I met Jan Kotik when he was just 17 years old. Eleven years older, I was a musician and record label owner who fell in love with Jan’s band, the Mommyheads. Like their name, the Mommyheads were irreverent, their fittingly juvenile sense of humor camouflaging an obvious deep intelligence. Late ’80s New York was a hodge-podge of artistic conventionality and utter creative rebellion. Interested in the latter, I was drawn to the Mommyheads before all other bands.
The group was absolutely original. Someone hearing it for the first time now would still experience it as unlike anything they’d heard before. The other fascinating part was simply the group’s youth – that three such young men could produce such impressively mature concepts in sound. They were literally child geniuses.
While band mates Adam Cohen and Matt Patrick are credited for most of the compositions, Jan was the one who drove the group’s stunningly sophisticated aesthetic. He pushed his band mates further than either would have gone without him. Jan was the youngest, and was often treated as such. But when it came time to play, no one commanded more respect (and awe) from musicians and audiences alike than Jan.
His formidable talents were always accessible to those around him, thanks to his humility and sweetness. Jan didn’t have a mean bone in his body. He looked up to older artists while expanding the horizons of their work, by either contributing directly to it (like mine) or simply broadening others’ perception of what was possible. He was a community-oriented artist who valued personal relationships as much as any work he ever made with others.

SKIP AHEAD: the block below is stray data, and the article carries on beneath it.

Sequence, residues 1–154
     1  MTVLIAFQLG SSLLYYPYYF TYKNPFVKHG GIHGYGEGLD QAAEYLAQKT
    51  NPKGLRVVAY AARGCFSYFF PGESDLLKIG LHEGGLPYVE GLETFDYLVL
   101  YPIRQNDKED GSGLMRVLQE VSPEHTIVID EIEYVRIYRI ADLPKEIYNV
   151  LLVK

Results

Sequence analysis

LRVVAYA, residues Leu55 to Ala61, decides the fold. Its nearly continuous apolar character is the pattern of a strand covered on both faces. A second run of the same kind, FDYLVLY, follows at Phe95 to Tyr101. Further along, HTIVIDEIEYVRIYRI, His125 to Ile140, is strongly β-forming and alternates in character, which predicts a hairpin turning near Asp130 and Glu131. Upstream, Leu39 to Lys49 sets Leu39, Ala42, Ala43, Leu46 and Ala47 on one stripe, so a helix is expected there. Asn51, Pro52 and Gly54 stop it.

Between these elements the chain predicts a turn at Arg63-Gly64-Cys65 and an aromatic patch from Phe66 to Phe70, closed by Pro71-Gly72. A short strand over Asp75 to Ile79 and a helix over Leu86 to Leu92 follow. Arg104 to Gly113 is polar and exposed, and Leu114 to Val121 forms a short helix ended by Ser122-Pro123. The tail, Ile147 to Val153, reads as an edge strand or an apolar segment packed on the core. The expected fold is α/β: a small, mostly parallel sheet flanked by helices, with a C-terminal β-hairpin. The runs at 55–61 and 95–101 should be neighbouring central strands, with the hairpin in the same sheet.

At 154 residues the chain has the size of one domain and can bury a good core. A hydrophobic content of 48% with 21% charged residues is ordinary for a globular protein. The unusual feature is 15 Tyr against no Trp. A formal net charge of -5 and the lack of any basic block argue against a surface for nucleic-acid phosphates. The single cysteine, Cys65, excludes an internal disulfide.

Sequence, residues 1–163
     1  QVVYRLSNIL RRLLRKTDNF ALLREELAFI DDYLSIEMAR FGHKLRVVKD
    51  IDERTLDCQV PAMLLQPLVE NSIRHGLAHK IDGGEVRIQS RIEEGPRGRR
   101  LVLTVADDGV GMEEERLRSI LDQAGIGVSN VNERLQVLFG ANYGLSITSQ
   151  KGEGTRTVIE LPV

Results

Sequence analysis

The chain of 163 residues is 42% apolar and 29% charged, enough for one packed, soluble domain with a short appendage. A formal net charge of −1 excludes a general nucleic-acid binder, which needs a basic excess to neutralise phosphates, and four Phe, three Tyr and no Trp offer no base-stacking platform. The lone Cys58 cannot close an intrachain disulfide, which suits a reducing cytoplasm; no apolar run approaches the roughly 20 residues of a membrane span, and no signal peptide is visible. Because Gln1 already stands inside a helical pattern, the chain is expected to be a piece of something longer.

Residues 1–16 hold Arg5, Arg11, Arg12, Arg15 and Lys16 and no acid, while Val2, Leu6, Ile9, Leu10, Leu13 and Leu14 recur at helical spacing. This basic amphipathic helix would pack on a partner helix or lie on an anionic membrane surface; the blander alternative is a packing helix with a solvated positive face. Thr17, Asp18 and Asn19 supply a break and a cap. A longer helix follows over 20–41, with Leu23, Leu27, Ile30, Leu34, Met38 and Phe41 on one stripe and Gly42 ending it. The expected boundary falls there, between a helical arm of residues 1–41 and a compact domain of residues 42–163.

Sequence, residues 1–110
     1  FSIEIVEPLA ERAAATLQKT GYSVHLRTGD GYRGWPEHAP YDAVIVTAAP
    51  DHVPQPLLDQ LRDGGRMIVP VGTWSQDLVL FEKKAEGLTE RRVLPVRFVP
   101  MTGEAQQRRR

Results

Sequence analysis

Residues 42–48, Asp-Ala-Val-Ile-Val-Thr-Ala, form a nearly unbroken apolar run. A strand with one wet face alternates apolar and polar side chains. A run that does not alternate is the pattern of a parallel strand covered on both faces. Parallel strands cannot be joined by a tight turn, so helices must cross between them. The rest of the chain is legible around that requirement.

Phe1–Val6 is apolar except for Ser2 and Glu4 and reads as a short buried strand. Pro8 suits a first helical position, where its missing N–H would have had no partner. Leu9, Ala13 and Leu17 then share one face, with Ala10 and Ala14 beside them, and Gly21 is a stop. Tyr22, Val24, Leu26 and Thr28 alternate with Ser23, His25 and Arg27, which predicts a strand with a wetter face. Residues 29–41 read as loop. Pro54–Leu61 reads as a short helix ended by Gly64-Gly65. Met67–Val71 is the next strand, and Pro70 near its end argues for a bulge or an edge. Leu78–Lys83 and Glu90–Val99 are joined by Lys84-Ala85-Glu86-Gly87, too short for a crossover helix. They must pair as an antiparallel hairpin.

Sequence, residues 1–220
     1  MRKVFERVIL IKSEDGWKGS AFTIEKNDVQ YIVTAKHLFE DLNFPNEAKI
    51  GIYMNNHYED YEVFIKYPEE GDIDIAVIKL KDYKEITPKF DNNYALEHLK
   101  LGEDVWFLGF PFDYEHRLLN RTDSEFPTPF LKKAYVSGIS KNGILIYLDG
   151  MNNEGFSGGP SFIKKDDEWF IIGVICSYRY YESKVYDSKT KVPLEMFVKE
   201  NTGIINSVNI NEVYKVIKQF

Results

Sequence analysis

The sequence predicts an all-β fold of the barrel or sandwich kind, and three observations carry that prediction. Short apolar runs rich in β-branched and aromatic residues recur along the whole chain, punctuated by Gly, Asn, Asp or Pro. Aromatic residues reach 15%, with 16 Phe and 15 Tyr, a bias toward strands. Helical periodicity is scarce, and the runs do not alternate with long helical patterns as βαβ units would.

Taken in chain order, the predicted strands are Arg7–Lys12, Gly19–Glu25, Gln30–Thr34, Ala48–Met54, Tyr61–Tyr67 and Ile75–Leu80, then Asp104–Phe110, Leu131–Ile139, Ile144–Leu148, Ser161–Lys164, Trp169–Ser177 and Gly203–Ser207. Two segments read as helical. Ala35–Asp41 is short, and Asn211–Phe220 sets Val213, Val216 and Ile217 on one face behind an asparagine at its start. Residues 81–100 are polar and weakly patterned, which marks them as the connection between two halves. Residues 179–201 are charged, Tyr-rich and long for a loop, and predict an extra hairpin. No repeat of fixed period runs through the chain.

Jan was hilarious. He always appreciated silliness, which he understood had nothing to do with the depth of one’s intellect. He was generous with his time and abilities, always available for an intriguing project. When the other Mommyheads moved to California in 1990, Jan stayed in New York, joining my group Church of Betty. He later played with 101 Crustaceans, Beekeeper, Johnny Society, and many other local groups.
Making art was as natural to Jan as breathing. The son of composer Peter and curator Charlotta, he grew up surrounded by art. He took to it like a fish to water, never derailing his endeavors with pretense or self-importance.
In his New York days, Jan was a musician first and visual artist second, in part because his musical skills were in such demand. When he moved to Prague, his focus clearly shifted to the visual – a marvelous development for all, since we can now enjoy Jan’s creativity in two distinct media.
Without question, the humor and incisive intelligence we see in Jan’s visual work comes from the same delightful teen musical phenom I knew in New York. During the Prague years, I enjoyed from afar watching his mind and personality forge such radically different content.
Nonetheless, Jan’s art functions like his music: teasing us with ideas, luring us to profound perspectives while easing the way with clever charm, never an unkind note.